Friday, August 15, 2008
Why We Watch, Exhibit O
Kids, it's time for Arabian Facebuster to take a brief respite from our award winning coverage of Larry Nelson's litany of indulgences, Rocky Mountain Thunder's clothesline delivering prowess, and the forthcoming 36 hour Teddy Hart documentary (produced by Ken Burns and coming this fall to a public broadcasting station near you) and bring you another installment of our tribute to professional wrestling's very best.
In this edition, we pay homage to the well executed face/heel turn (as opposed the abrupt/hastily conceived and seemingly baseless face/heel turn which continues to be a staple of today's whimsical sports entertainment programming, an unfortunate and lingering byproduct of the Attitude/Monday Night Wars era). The clip above also features a pantheon of "Why We Watch..." honorees -- Ric Flair, Tulsa Welding School's most famous dropout "Cap'n Redneck" Dick Murdoch, Mid South Sports, and the eventually to be inducted Ted DiBiase.
The premise here is rather straightforward (hence its beauty and lasting impact): Ric(k) Flair's in town to defend the NWA World Heavyweight Wrestling Championship against Ted DiBiase, one of the territory's top heels (and possibly the Mid South/North American Heavyweight Champion at this point in time). Dick Murdoch, DiBiase's trainer and mentor, feels slighted that he hasn't gotten a shot to wrestle for the world title. Instead of doing the admirable thing as far as kayfabe/storyline reasoning are concerned and challenging Flair for a match the next time he's in the territory or petitioning NWA President Bob Geigel for a shot at the belt, Murdoch decides to take out his grievances on DiBiase with a swift and violent beat down which causes him to gush buckets and buckets of that beautiful blood. Hoss Alert: In no condition to wrestle, DiBiase is helped to the back by top-territory babyface Dr. Death Steve Williams. Cementing his face turn, DiBiase emerges from the dressing room still disoriented and heavily taped up, with the blood seeping through his bandages, but refusing to forfeit his shot at the World Title.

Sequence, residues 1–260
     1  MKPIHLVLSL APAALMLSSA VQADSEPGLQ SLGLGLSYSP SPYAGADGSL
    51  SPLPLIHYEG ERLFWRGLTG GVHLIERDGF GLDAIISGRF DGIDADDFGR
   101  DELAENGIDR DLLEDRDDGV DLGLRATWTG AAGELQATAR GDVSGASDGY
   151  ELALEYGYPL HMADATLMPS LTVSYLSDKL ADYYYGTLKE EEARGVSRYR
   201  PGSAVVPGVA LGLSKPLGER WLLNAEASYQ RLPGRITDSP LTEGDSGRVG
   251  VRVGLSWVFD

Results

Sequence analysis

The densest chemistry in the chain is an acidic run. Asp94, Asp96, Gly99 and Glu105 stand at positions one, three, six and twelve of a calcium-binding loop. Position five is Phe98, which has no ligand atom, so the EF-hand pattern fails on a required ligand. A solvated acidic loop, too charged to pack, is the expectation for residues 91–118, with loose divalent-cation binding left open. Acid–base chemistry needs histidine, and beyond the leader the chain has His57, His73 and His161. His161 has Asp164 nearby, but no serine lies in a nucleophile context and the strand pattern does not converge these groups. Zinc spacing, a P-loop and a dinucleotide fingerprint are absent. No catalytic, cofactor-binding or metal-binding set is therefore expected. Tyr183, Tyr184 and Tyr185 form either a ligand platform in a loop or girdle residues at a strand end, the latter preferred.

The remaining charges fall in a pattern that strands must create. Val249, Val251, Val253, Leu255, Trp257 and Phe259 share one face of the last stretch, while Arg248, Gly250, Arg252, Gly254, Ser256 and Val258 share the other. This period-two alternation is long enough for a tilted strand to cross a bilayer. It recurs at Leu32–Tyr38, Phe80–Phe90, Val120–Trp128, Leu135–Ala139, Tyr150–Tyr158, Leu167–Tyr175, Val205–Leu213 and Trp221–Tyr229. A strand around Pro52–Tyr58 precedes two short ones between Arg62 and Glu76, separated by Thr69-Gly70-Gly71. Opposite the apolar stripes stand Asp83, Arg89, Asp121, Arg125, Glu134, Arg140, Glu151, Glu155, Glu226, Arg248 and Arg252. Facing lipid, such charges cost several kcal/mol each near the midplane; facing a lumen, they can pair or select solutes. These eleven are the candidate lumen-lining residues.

The Flair-DiBiase match is an absolute classic and just a notch below Flair's 1989 trilogy with Steamboat and on par with his most talked about confrontations with Barry Windham during 1986/1987 as far as what I would consider Flair's best in-ring performances. They really "clicked" together in the ring. While the viewer is only given fragments of the contest, to the clip uploader's credit he keeps the hardest hitting, most pivotal sequences in tact and preserves the ebb and flow, back-n-forth nature of the action. Flair absolutely punishes his already wounded opponent with his arsenal of chops, stiff fists, kicks, suplexes, and tosses out onto the concrete floor of the Shreveport, Louisiana Irish McNeil Boys Club, all of it executed with a sense urgency, aggressiveness, and ruthlessness that you would expect from a ring technician the caliber of the DPITG (especially after what transpired earlier in the program) but that still makes you feel sheer elation as you watch him deliver it. Despite his raging head trauma, DiBiase is resilient, taking all that Flair can give and dishing out his own diversified, workman-like move set.
Seemingly on the brink of a world title, DiBiase attempts to again lock Flair in the figure-four. Flair makes a desperate counter by kicking DiBiase out of the ring, his head bouncing off the steel guard rail, knocking him unconscious. And then, in an act of heeldom so chickenshit that it makes fan agitating craftsmen like Tully Blachard and Gino Hernandez seem as diabolical as Krazy Kane or sneaky as Soldat Ustinov by comparison, Murdoch delivers a brainbuster to DiBiase's skull on the concrete floor. If I could travel back in time to 1985 right now and (a) wait in the parking lot after the matches and attack Dick Murdoch with metal pipe as he tries to unlock his vehicle; (b) buy a ticket to see DiBiase gain his revenge; or (c) prevent Larry Nelson from taking that first snort of cocaine, rest assured Arabian Facebuster nation, I would in a heartbeat.
My only minor quibble: the video editor went with some blowzy, quasi-inspirational schlock rock instead of the angular, nervy, cathartic sounds of Fugazi's "Cassavetes" or Wire's "Lowdown" as the accompanying soundtrack.
Enjoy one of the finest angles and matches in professional wrestling history.
Update 8/12/10: The original (music) video was taken down...so I have uploaded a high video quality version of the actual high quality match for you to marvel at.